5. Lotus Just Juicy Pork Stew Grain Free Canned Cat Food
  6. Now Fresh Grain Free Adult Recipe Dry Cat Food
  7. Redbarn Naturals Salmon and Delilah Grain Free Canned Cat Food
  8. ZiwiPeak Daily Cat Cuisine Venison and Fish Canned Cat Food




How to Bathe your Hairless Cat Part II

Learn how to bathe your hairless cat with the alternative “Bowl and Cup” technique for the challenging cats!


How to bath your Hairless Cat!

Learn how to properly bath your hairless cat.  Watch how the experts do it!


How to Give a WaterLess Cat Bath

Learn How to Give your Hairless Sphynx or Bambino Cat a WaterLess Bath.  Using Nudie Naturals Organic Cat WaterLess Pet Shampoo.  


Cat Tooth Brushing Instructional Video

Learn what we use to brush our Sphynx and Bambino kitties teeth to keep them healthy, clean, and strong!


Quick Fleece Instructions for Sphynx & Bambino Cats

Quick Kitten Fleece Making 101


This video and written instructions will help you to learn to make “quick” fleece sweaters for your sphynx or Bambino or any other breed of hairless cat to help keep them cozy and warm!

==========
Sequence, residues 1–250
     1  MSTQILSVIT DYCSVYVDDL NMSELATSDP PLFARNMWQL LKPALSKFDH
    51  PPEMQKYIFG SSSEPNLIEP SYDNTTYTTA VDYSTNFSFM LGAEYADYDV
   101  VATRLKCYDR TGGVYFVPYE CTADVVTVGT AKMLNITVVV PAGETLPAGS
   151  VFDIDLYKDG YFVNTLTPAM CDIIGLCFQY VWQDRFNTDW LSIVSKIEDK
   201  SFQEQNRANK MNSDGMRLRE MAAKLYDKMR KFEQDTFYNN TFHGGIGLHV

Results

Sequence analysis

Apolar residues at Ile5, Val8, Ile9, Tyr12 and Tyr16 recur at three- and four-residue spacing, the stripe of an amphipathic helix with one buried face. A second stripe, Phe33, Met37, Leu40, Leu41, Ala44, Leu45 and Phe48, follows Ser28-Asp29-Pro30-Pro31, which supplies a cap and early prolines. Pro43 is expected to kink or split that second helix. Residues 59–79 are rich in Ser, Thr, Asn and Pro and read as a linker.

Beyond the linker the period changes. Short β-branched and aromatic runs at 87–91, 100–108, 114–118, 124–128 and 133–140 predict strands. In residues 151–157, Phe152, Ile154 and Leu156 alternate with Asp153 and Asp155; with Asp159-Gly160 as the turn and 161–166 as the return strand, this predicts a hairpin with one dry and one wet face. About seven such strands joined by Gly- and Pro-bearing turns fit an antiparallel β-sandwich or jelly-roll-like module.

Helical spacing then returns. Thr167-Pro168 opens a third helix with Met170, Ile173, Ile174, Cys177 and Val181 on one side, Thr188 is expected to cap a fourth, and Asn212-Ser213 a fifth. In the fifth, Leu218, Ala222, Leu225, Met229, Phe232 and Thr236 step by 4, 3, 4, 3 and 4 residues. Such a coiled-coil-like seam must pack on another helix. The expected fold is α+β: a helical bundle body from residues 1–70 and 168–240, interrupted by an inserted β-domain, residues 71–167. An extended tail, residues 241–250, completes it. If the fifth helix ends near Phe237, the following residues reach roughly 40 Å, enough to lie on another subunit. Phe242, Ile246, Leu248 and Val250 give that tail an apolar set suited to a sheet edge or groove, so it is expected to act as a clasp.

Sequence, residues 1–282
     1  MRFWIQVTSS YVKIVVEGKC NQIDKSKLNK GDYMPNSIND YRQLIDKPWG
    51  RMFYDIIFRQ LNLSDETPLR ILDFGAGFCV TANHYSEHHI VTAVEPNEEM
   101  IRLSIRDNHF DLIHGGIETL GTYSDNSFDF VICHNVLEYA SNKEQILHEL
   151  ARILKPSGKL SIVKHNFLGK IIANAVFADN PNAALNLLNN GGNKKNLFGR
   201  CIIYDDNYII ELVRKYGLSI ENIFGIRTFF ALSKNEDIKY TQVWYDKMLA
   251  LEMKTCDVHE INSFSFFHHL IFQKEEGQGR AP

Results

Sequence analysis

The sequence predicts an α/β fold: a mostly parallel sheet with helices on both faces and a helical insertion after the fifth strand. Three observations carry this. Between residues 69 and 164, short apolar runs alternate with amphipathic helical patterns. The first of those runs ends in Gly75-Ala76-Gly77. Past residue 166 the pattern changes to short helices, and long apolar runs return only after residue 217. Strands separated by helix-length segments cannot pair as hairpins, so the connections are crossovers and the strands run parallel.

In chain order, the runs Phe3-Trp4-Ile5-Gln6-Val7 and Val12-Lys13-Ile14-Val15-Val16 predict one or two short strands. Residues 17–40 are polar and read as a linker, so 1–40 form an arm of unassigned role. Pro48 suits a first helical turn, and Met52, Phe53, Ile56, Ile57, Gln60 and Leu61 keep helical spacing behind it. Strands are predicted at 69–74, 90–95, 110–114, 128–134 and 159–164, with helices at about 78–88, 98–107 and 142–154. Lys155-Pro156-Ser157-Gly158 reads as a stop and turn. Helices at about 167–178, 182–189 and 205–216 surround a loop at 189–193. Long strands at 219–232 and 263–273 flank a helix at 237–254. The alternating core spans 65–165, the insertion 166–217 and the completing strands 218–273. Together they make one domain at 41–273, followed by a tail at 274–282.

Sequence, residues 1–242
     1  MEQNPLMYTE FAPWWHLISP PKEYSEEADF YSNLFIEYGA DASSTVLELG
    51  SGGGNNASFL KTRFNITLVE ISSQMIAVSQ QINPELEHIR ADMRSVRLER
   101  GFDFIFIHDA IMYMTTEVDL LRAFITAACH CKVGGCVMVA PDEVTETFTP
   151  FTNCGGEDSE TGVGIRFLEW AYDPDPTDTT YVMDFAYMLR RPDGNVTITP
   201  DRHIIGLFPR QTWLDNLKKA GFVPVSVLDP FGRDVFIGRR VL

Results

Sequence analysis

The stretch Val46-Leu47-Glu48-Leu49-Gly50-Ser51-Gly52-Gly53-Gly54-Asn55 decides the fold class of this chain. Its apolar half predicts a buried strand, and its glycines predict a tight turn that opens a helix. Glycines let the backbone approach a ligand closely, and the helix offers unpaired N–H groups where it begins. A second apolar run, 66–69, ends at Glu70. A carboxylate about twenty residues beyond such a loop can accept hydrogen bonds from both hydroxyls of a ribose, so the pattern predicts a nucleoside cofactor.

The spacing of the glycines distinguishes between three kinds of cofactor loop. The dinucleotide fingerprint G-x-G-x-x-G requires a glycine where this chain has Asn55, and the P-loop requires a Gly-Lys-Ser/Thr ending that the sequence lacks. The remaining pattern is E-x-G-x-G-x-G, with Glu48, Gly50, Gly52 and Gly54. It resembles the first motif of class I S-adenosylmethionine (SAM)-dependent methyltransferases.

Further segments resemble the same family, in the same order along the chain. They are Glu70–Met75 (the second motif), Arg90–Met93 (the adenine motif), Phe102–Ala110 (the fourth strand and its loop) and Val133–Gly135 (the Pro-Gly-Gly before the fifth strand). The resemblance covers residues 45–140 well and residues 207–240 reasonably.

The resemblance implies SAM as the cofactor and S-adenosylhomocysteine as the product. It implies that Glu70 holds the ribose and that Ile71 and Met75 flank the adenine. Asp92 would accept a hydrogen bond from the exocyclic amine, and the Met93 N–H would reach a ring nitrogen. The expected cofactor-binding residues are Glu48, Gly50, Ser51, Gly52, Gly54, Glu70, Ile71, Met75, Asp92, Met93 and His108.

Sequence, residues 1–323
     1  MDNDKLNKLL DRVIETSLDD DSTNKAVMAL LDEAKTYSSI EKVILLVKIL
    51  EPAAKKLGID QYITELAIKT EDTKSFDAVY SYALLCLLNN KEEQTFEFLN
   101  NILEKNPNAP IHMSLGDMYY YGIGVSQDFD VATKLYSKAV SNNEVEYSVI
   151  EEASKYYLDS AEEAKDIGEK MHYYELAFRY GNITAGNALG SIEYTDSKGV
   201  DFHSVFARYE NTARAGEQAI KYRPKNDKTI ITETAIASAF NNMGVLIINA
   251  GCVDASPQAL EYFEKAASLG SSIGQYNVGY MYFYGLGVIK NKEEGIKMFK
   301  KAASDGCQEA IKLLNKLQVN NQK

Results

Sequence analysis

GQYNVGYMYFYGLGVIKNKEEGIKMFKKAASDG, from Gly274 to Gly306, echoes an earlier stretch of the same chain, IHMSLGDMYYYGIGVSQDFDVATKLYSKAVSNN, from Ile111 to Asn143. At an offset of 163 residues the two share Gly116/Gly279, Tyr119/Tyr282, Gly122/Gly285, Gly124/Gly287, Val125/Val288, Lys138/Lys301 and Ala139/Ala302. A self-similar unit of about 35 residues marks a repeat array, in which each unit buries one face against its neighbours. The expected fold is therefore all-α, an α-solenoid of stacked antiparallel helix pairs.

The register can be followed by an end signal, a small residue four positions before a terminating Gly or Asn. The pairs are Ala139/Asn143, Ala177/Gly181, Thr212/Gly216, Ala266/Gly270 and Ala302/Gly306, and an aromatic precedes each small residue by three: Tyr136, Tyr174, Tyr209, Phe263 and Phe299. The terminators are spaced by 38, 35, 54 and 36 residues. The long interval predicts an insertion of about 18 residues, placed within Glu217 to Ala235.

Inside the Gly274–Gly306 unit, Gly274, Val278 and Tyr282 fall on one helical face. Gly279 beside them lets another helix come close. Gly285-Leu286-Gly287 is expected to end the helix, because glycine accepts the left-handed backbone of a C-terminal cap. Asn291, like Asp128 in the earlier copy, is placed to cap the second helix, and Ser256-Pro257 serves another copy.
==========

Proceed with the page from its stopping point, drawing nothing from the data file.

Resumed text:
1. Figure out which side of your fleece is the “stretchy” and “non-stretchy” side.  The “stretchy” side is going to be the neck side of the shirt.
  2. Fold the fabric over the width of the pattern about 5 inches wide and 11 inches long.
  3. Cut the fabric with an extra inch on the side that will be sewn.
  4. Turn your fabric inside out.
  5. Sew at the corner to the edge all the way to the back leaving some space at the end for room for the tummy.
  6. Cut your “cross hole”’ fold in half and cut about 2 ½ inches and repeat going the opposite direction.
  7. Dress your kitty and sit back and enjoy!


Quick Adult Sphynx or Bambino fleece making 101


  1. Figure out which side of your fleece is the “stretchy” and “non-stretchy” side. The “stretchy” side is going to be the neck side of the shirt.
  2. Fold the fabric over the width of the pattern about 7 inches wide and 14 inches long.
  3. Cut the fabric with an extra inch on the side that will be sewn.
  4. Cut a notch about 2 inches deep for the arm holes.
  5. Turn your fabric inside out.
  6. Sew the neck and stop at the leg holes.
  7. Sew the length of the front stopping before the very end for room for the tummy.
  8. Dress your kitty and sit back and enjoy!





All About HCM (Hypertropic Cardimyopathy)